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South Dakota Medicine

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INTRODUCTION: The purpose of this study was to examine depression and fatigue in individuals with a seropositive confirmed history of West Nile virus (WNV) infection.

METHODS: The South Dakota State Epidemiologist sent 218 letters inviting residents with a diagnosis of WNV to participate in the study. Forty-five subjects were tested. An occupational therapist and a physical therapist met with each participant to assess performance parameters, including depression and fatigue levels. Subjects (n=42) completed the Revised Center for Epidemiologic Studies Depression Scale (CES-D) during the assessment. The Modified Fatigue Impact Scale (MFIS) was sent to participants as a follow-up questionnaire, and 29 were returned. Subjects were placed within one of three diagnosis groups: West Nile Fever (WNF), West Nile Neuroinvasive Disease (WNND) and WNV without fever or neuroinvasive disease (clinical/unspecified).

RESULTS: Frequency of those reporting low risk of depression was similar between diagnosis groups (each approximating 75 percent). Depression severity differences were noted, with subjects diagnosed with WNND more likely to report "severe" risk for depression. Low correlations between depression and overall fatigue, depression and cognitive fatigue, and depression and psychosocial fatigue indicators were found. There was little if any correlation between depression and physical fatigue indicators. Mean CES-D scores for subjects between 13 to 18 months post infection fell within the mild-moderate risk for depression category.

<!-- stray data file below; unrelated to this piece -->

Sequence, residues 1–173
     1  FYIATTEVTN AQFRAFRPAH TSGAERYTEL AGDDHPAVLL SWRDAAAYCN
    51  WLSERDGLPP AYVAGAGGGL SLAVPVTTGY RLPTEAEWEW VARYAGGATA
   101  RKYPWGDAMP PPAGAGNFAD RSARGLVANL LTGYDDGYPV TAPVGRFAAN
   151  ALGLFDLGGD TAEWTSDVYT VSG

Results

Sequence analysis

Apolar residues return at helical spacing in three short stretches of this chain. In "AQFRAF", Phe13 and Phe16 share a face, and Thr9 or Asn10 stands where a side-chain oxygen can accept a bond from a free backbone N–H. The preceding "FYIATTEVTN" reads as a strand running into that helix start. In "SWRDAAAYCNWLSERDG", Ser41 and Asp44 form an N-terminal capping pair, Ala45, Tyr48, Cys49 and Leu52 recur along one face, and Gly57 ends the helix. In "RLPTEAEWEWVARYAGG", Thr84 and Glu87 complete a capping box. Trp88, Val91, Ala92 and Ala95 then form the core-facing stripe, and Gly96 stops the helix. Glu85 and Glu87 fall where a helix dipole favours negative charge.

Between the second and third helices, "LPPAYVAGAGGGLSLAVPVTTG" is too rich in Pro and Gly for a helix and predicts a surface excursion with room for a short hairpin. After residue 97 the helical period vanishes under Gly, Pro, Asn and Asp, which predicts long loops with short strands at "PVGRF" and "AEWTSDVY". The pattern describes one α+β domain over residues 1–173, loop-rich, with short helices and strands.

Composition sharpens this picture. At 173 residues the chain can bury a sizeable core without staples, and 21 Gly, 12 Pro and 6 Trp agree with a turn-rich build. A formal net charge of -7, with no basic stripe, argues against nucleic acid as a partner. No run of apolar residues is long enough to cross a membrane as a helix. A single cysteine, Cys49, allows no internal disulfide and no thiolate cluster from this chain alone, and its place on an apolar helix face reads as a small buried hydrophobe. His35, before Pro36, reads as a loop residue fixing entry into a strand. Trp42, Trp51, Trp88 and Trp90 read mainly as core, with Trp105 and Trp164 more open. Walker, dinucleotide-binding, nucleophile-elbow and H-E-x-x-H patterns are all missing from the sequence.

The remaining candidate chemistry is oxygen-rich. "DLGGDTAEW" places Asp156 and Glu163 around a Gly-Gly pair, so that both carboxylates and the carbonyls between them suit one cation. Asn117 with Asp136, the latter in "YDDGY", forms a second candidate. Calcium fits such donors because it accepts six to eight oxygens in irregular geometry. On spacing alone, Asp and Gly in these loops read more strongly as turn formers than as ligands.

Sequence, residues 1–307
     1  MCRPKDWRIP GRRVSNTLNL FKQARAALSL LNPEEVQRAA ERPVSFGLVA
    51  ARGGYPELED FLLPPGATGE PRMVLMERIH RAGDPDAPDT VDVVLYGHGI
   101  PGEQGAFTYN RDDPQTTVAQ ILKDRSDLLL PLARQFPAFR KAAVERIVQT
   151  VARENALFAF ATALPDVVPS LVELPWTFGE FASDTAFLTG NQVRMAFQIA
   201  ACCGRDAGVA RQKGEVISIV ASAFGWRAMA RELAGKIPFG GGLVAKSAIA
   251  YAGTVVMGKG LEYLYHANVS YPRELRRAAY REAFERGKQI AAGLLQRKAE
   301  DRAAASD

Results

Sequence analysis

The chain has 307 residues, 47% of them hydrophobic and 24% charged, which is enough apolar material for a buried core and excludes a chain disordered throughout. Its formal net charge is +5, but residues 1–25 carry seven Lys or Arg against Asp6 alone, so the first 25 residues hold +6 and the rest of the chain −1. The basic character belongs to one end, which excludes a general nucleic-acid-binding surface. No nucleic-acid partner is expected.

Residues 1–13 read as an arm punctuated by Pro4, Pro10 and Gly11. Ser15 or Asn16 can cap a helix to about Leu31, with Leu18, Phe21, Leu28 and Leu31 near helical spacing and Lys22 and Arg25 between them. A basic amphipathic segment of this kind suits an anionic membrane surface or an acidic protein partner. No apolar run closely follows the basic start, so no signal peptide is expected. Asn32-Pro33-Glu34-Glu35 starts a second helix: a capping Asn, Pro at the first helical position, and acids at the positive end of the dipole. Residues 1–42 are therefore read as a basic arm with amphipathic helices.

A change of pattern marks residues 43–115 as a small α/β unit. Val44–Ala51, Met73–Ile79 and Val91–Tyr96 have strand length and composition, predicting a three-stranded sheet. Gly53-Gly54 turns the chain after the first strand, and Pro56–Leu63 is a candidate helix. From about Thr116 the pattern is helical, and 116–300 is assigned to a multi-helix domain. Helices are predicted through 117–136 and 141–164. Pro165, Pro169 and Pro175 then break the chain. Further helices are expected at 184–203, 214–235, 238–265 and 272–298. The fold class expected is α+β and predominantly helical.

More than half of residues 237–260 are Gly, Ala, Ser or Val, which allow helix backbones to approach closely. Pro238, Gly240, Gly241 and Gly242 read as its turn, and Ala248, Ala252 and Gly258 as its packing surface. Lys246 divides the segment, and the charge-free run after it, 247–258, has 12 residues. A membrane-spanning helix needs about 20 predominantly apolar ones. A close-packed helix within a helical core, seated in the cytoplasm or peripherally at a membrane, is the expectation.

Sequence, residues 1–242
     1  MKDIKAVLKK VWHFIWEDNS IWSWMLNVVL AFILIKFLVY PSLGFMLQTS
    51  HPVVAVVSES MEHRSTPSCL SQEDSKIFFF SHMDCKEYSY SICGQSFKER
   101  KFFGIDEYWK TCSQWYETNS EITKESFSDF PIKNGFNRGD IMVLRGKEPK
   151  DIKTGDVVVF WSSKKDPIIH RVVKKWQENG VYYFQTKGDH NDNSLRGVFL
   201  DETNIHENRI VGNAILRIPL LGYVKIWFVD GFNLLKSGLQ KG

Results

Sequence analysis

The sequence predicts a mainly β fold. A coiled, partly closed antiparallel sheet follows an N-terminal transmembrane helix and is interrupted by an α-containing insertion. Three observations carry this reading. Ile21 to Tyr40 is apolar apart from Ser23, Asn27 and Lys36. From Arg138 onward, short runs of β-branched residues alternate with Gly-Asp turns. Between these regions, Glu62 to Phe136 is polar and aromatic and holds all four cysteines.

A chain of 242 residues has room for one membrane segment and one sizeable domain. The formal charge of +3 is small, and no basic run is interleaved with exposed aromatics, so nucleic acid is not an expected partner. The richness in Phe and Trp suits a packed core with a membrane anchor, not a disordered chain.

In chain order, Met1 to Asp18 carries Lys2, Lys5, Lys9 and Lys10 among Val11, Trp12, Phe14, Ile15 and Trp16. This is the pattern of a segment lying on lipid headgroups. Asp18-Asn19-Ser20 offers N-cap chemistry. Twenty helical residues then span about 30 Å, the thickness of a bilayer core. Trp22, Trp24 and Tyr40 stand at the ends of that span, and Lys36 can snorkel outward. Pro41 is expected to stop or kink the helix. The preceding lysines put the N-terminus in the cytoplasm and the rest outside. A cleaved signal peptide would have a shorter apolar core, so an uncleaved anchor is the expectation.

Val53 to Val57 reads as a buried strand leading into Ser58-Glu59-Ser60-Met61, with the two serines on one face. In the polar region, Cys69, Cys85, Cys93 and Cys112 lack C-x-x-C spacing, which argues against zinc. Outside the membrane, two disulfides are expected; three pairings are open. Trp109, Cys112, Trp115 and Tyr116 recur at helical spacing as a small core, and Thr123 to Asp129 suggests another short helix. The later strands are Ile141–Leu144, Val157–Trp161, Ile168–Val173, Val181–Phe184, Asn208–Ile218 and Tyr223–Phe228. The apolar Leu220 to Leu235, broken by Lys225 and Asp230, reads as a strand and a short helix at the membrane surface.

CONCLUSIONS: Identifying depression risk is useful for patient referral purposes and may help minimize symptoms of depression correlated with fatigue, especially following hospitalization for WNV infection.




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